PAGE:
Gov. Kevin Stitt took many tribal officials and state lawmakers by surprise when he unveiled a plan to legalize sports betting on Thursday. (Photo by Kyle Phillips/For Oklahoma Voice)
OKLAHOMA CITY — Tribal officials and state lawmakers say they weren’t consulted on Gov. Kevin Stitt’s new plan to implement sports betting.
While Stitt was in Israel, his office unveiled an unexpected plan on Thursday to legalize sports betting. It included details on how mobile and in-person sports betting would be taxed and who could offer the new forms of gaming.
Tribal responses to the proposal ranged from curious to outright dismissive, with all Indigenous officials agreeing that the best way to legalize sports betting in Oklahoma is through the state and tribes working together.
Under Stitt’s proposal, Oklahoma’s tribes would have the exclusive right to offer in-person sports betting, with revenue taxed at 15%.
But the governor’s proposal on mobile sports betting doesn’t offer the tribes the same exclusivity, which could be a nonstarter for some.
Instead, any vendor willing to pay $500,000 for a license and $100,000 in annual fees would be eligible to offer mobile gaming, which would allow Oklahomans to place bets online. That revenue would be taxed at 20%.
As a result of state-tribal gaming compacts, Oklahoma’s tribes have the sole right to offer gambling in the state. Any proposal to legalize sports betting that doesn’t have their support is unlikely to pass the Oklahoma Legislature.
Choctaw Nation Chief Gary Batton said Stitt did not seek input from his tribe.
“Upon initial review, we do not believe the plan represents the best interests for the people of Oklahoma or the tribal nations that have done so much to support the state,” he said in a statement.
Batton did not elaborate on what he would like to see changed.
Stitt also did not reach out to the Oklahoma Indian Gaming Association on his plan, said Chairman Matthew Morgan.
“The members of the OIGA have been preparing to receive an offer from the state on sports betting for the past couple of years, and while we appreciate Gov. Stitt finally joining the sports betting conversation, to date he has not engaged in meaningful and respectful government-to-government discussion with tribes,” Morgan said in a statement.
Any attempt to legalize sports betting must involve the Legislature and a supplemental gaming compact that protects the tribes’ “substantial gaming exclusivity,” he said.
“To approach it otherwise is simply to invite failure,” he said.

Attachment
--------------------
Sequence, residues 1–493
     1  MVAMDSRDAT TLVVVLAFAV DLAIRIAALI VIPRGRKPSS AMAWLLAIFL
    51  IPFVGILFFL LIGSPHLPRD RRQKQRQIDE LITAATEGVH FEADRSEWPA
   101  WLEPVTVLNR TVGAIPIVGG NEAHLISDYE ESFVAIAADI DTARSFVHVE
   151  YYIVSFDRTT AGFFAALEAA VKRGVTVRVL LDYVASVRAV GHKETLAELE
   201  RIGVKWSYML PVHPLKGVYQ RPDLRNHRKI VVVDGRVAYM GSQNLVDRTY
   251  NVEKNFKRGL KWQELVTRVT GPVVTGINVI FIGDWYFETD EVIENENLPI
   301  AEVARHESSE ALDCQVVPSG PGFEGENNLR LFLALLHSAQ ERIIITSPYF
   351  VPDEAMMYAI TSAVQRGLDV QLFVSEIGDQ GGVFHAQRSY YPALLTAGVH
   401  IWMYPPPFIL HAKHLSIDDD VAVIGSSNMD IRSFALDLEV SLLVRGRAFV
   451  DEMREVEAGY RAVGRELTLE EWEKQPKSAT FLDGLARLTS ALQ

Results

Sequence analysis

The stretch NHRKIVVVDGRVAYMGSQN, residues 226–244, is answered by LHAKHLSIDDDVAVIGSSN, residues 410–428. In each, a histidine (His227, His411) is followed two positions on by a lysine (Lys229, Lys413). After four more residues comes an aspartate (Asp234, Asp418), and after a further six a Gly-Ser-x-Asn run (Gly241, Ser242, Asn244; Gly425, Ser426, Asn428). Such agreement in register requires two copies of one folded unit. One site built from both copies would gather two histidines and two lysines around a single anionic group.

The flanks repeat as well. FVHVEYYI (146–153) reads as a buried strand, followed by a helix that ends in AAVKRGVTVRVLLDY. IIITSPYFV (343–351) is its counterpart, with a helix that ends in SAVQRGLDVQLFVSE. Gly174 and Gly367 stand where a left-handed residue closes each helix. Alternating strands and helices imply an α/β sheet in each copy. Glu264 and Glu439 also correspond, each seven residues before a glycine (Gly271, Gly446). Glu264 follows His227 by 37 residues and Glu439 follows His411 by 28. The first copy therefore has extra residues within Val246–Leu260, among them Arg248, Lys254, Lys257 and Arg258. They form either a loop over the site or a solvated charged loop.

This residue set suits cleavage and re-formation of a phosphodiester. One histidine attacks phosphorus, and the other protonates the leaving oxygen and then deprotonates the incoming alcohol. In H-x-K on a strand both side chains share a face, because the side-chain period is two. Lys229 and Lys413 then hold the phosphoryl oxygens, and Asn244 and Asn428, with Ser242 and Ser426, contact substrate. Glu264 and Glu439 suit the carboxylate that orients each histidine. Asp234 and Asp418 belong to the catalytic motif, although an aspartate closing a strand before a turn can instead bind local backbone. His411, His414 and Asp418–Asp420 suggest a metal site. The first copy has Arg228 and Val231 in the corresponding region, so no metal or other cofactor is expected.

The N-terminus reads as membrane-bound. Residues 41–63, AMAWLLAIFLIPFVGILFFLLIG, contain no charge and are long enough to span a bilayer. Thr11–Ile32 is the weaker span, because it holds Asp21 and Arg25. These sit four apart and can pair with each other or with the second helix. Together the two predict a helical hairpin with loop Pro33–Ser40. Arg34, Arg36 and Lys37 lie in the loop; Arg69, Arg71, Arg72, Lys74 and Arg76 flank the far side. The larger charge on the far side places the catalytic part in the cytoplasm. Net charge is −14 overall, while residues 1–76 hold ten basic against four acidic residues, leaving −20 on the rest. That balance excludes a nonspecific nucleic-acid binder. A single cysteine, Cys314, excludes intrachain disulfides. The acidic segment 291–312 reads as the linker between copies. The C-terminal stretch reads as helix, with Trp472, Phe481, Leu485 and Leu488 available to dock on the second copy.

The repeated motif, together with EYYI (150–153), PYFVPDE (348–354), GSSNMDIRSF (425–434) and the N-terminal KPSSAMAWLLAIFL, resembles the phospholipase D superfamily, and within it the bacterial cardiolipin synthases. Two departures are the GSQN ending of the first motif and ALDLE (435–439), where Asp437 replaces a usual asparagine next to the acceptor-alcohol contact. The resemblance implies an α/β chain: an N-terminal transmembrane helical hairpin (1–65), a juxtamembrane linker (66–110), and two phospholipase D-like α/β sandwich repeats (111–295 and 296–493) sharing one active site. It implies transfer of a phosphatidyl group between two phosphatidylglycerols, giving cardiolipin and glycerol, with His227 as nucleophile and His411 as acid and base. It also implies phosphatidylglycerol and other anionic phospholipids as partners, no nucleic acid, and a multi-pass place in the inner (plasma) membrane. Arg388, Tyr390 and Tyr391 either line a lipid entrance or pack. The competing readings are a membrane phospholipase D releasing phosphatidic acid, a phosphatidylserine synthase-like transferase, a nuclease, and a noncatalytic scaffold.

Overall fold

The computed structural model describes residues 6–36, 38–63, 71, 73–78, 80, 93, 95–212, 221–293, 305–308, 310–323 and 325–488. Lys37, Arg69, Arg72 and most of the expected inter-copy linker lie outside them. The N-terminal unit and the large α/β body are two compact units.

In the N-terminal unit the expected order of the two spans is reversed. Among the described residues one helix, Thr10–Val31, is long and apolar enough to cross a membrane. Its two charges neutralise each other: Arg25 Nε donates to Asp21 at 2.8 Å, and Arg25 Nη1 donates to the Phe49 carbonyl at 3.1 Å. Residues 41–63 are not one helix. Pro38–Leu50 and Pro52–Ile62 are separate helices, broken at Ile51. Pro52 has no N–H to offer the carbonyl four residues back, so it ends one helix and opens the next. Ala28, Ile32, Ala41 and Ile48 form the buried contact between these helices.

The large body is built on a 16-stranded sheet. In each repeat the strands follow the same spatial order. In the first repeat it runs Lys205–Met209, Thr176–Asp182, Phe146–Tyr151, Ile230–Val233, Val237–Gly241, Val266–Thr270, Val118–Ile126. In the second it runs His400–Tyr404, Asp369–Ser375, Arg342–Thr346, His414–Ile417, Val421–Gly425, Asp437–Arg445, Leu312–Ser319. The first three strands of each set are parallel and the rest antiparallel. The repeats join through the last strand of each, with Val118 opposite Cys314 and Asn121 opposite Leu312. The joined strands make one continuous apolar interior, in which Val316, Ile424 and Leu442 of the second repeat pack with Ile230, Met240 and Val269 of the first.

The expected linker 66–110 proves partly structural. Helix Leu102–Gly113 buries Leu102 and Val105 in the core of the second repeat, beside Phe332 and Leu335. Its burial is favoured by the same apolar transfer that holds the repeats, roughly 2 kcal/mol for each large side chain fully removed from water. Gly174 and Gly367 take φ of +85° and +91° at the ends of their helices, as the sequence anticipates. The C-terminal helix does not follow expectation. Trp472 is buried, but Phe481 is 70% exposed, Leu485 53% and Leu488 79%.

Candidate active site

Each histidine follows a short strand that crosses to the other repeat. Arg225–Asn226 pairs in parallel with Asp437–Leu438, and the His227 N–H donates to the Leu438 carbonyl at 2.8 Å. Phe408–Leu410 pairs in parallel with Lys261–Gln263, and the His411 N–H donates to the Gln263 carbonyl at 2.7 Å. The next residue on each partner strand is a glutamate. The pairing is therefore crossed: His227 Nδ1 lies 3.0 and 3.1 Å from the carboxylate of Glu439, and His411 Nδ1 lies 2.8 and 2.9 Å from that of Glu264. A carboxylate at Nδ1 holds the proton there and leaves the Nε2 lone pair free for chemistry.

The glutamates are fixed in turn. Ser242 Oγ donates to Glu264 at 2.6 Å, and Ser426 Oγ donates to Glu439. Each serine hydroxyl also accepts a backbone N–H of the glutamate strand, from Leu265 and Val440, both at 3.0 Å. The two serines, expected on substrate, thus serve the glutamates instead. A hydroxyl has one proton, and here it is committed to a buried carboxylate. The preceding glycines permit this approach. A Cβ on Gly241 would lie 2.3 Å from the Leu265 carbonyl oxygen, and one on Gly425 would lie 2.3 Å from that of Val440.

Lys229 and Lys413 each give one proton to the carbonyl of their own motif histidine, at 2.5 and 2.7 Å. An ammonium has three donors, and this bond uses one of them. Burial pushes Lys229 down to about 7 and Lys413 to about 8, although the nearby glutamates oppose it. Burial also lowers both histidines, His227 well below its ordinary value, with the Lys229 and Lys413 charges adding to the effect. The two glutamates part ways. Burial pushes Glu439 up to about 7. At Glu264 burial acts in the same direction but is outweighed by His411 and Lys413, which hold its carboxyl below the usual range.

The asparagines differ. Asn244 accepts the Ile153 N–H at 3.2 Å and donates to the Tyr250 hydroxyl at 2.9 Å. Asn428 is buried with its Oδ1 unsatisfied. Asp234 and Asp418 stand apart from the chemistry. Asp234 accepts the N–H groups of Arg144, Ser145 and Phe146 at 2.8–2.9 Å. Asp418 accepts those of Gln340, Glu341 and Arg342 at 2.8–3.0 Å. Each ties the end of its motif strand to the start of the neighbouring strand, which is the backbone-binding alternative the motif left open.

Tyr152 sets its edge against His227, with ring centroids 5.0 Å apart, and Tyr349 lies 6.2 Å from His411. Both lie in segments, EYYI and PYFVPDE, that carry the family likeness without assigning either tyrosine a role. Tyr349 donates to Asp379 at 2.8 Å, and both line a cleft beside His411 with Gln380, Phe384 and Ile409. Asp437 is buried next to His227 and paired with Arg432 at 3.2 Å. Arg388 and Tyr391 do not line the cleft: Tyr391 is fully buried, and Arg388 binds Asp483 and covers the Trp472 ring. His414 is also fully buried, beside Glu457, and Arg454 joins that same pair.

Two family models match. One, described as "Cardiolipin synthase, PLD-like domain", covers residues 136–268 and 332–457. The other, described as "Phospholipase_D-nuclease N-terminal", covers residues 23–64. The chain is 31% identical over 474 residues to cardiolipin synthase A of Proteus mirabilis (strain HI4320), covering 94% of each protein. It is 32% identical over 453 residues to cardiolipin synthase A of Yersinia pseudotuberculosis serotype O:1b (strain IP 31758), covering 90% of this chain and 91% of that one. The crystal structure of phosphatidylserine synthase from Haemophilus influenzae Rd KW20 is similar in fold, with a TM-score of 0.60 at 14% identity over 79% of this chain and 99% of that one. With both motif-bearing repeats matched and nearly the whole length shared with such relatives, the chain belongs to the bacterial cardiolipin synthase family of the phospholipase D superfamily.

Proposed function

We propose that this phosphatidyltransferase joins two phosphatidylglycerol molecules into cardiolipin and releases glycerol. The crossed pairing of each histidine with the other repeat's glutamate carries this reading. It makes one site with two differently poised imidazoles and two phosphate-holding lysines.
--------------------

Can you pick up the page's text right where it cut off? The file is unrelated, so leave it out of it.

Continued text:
For the past year, Stitt has been an outspoken supporter of legalizing sports betting in Oklahoma.
Legislation to legalize sports gaming passed the House this year but stalled in the Senate. House Bill 1027, which proposes adding in-person and mobile sports betting as a supplement to the state’s model gaming compact with the tribes, could be revived during the legislative session that begins in February.
“I promised Oklahomans if we pursued sports betting, we would do it right — and this plan does just that,” Stitt said in a Thursday news release. “Thirty-five states have already legalized sports betting, and it’ll be a great revenue stream for the state. Tribes will be able to add it onto their existing infrastructure, and Oklahomans can access it right from their phone.”
Spokespeople for the House speaker and Senate president pro tempore said Stitt did not discuss his plans with the legislative leaders prior to Thursday’s public announcement.
Sen. Bill Coleman, R-Ponca City, a co-author of HB 1027, said the governor has never reached out to offer his input on sports betting.
In a news release, Coleman said he expects the tribes will be unenthusiastic about Stitt’s proposal because it asks them to give up their online share of sports gaming, which accounts for 95% of total revenues nationwide. Online sports betting is far more popular than in-person sportsbook at a casino or other venue.
“While the governor’s plan might be a starting point, I’ll be interested to see if he has contacted or worked with our tribal partners to get their input,” Coleman said. “A lack of coordination between the executive branch and tribal leadership was the main reason our bill stalled this session. When dealing with the tribes, compacting, and the many nuances with exclusivity and future gaming negotiations, it’s imperative that Gov. Stitt work in good faith with our tribal partners.”
Stitt has had a rocky relationship with many of the tribes since he unsuccessfully tried to renegotiate Oklahoma’s tribal gaming compacts in an attempt to get more revenue for the state.
Dan Boren, Chickasaw Nation secretary of commerce, said his tribe is interested in learning more about Stitt’s plan and how it may fit within the context of current state-tribal gaming compacts.
“We believe it is imperative to work together on important and complex issues such as this in order to develop agreements that honor the rights and responsibilities of federal, state, and tribal governments,” he said in a statement.
Last year, the tribes paid the state $191.5 million in gaming fees on more than $3 billion in revenue.
Stitt’s sports gaming plan would prohibit bets on the performance of individual athletes, coaches or referees. Bettors would be unable to bet on player injuries or make proposition bets on collegiate sports.
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